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An annotated “Frankenstein” brings lessons for today

posted by Patrick Tanguay   Aug 02, 2019

Amidst all the calls for more ethics and considerations for social issues on the part of tech companies, this looks like quite an interesting and innovative way of approaching the problem. This review of the book Frankenstein: Annotated for Scientists, Engineers, and Creators of All Kinds gives a good overview of the contents and thinking.

The critical essays accompanying the text are eclectic, cross-disciplinary, and incisive, and they include contributions from beyond the academy, such as the essays by science fiction authors Elizabeth Bear and Cory Doctorow.

Using the novel as a canvas on which to think through contemporary issues.

These annotations often raise novel questions about technology and society, extrapolating from the technological conditions suggested by the novel into terms that might emerge today, alongside the more usual role of explanatory footnotes in a student text.

Mary Shelley wrote Frankenstein’s Monster in another time of technological transition, the Industrial Revolution.

It is an important part of what gives “Frankenstein” its enduring hold on our contemporary imagination: Both the novel and the cultural icon derive their special pathos from what Heather E. Douglas’s critical essay shrewdly calls the “bitter aftertaste of technical sweetness”—tragedy set in the distinctly modern conditions of secular science and technology.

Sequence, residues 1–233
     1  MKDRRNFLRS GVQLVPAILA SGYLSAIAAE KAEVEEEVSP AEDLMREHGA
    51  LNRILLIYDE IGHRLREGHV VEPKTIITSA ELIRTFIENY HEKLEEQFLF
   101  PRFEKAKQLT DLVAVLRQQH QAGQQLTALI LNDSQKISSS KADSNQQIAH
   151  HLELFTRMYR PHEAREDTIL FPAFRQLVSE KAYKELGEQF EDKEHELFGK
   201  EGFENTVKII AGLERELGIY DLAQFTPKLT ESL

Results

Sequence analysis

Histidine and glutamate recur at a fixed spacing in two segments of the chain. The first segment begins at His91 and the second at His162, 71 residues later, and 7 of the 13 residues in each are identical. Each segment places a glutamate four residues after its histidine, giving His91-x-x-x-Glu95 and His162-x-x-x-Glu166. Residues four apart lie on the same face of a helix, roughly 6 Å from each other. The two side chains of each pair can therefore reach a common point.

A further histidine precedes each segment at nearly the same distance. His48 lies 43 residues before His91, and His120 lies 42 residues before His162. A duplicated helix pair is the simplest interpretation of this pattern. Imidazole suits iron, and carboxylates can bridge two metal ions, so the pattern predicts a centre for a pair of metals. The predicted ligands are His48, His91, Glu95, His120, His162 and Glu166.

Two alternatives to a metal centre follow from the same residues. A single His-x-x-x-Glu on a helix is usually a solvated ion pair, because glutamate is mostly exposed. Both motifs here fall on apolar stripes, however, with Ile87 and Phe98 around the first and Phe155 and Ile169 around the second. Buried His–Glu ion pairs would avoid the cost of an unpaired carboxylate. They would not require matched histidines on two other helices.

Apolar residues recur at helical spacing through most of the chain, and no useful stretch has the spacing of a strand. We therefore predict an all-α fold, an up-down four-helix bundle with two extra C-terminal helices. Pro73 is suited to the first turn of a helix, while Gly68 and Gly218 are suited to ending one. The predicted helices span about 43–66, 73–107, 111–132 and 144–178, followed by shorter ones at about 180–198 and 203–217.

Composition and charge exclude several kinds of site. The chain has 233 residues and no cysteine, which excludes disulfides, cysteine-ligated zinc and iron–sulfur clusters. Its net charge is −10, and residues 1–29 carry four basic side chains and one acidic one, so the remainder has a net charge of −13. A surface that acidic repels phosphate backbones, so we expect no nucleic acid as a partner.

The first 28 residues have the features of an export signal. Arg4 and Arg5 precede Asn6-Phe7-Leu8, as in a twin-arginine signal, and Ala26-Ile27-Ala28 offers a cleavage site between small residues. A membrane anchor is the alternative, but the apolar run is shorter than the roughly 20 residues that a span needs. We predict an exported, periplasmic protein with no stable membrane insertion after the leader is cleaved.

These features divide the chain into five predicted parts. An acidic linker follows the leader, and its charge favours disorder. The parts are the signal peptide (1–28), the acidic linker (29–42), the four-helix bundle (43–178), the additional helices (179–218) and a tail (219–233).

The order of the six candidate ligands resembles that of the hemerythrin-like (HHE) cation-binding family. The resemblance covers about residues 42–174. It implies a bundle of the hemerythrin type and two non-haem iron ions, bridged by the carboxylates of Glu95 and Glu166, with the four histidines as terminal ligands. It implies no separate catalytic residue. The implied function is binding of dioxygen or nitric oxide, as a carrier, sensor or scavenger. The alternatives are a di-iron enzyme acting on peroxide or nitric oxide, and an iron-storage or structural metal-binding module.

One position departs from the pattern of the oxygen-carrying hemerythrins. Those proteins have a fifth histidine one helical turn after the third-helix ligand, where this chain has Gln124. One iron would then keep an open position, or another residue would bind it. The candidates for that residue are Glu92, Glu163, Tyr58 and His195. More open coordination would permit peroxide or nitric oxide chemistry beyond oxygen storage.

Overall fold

The piece and the book it refers also cover how Shelley’s work is regarded by many as the first work of science-fiction and how it was made possible not only by her great talent but also her education. She studied the humanities—literature, philosophy and classics, as well as the science of the day. Today these two aspects of education are often times presented as opposites, and in some kind of fight, where on the contrary they need to coexist and feed from each other. It’s something that more and more people realize and integrate in their teaching, planning, and hiring but which is still regularly disregarded in many technology circles.

From Elizabeth Bear’s essay, this sounds familier:

Victor, she says, is morally culpable for not taking responsibility for his creation and for his refusal to acknowledge his responsibility because he cannot see it for what it is. He runs away from it and refuses to engage with it. He refuses to engage with the creature and flees, and he does so because he is not able to see its essential nature, its needs and his part in their fulfilment—and that, Bear says, is on account of his monstrous “narcissism, this inability to engage with other creatures” as creatures like himself.

And brings two kinds of cautionary tales, both very much worthy of deeper reflection and of today’s challenges:

We can thus discern two kinds of cautionary tales in “Frankenstein” (there are others): one Miltonian and the other Promethean. The former is a warning to “creators”—scientists, engineers and what this new edition of “Frankenstein” calls “creators of all kinds”—of the risks of hubris: reaching to exercise knowledge and powers that are not fully understood, whose consequences cannot be predicted and which cannot be controlled. The latter, however—the Promethean—is a warning to these same creators that, when they *do* exercise that knowledge and power, they must be willing to take responsibility for the things they create, for the work of their hands, which is what Prometheus did and what Victor failed to do. [Emphasis mine.]

(Via Stuart Candy.)

Update: Sam Arbesman (who write a mean newsletter) sent me Frankenbook, an open access version of the book referenced above. It’s powered by PubPub which you should also check out.